(ii) It has sought to revitalise the discipline as a form of conceptual analysis, and in the process, finding political theory as a systematic reflection upon, and classification of, the meanings of the key forms and concepts such as sovereignty, democracy, justice and the like.

(iii) It has been developed as the systematic elaboration of the underlying structure of our moral and political activities; the disclosure, examination and reconstruction of the foundations of political value.

(vi) It has been revitalised as a form of argument concerned with abstract theoretical questions and particular political issues.

(v) It has been championed as a critique of all forms of foundationalism, either the post-modernists or the liberal defenders. Contemporary political theory It, accordingly, presents itself as a stimulant to dialogue and to conversation among human beings.

(vi) It has been elaborated as a form of systematic model building influenced by theoretical economics, rational choice theory and game theory; it aims to construct formal models of political processes.Contemporary political theory

(vii) It has developed as the theoretical enterprise of the discipline of Political Science. As such it attempts to construct theory on the basis of observation and modest empirical generalisations. Contemporary political theory is mainly concerned with the explanation, investigation and ultimately, with the comprehension of what relates to politics: concepts, principles and institutions.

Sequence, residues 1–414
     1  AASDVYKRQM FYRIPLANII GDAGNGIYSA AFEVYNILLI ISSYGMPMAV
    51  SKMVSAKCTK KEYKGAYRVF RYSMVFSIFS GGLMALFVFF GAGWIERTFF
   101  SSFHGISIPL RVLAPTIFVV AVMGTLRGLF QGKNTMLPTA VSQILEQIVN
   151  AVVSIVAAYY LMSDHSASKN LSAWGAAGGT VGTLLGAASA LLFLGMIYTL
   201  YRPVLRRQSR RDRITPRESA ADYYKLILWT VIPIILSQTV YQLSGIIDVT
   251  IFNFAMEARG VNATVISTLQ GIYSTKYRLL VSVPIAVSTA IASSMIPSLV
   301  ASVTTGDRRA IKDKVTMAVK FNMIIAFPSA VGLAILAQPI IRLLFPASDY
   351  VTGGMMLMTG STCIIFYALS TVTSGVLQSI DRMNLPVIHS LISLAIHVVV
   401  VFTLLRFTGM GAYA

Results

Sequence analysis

Brian Barry (Political Argument, 1965) says that political theory attempts to “study the relation between principles and institutions”. John Rawls (A Theory of Justice, 1971) thinks that political theory can seek truth alongside the scientificempirical methods. Robert Nozick (Anarchy, State and Utopia, 1974) believes that contemporary political theory can solve many political problems by combining the classical ends with empirical means. contemporary political theory The consensus, for example, is that empirical analysis and reflections of a logical and moral character can coexist in political theory. contemporary political theory David Held sums up by saying that contemporary political theory is: “first, the philosophical concerned, above all, with the conceptual and normative; second, the empirical-analytic concerned, above all, with the problems of understanding and explanation; third, the strategicconcerned, above all with an assessment of the feasibility of moving from where we are to where we might like to be. contemporary political theory To these, one must add, the historical, the examination of the changing meaning of political discourse – its key concepts, theories, and concerns – over time.”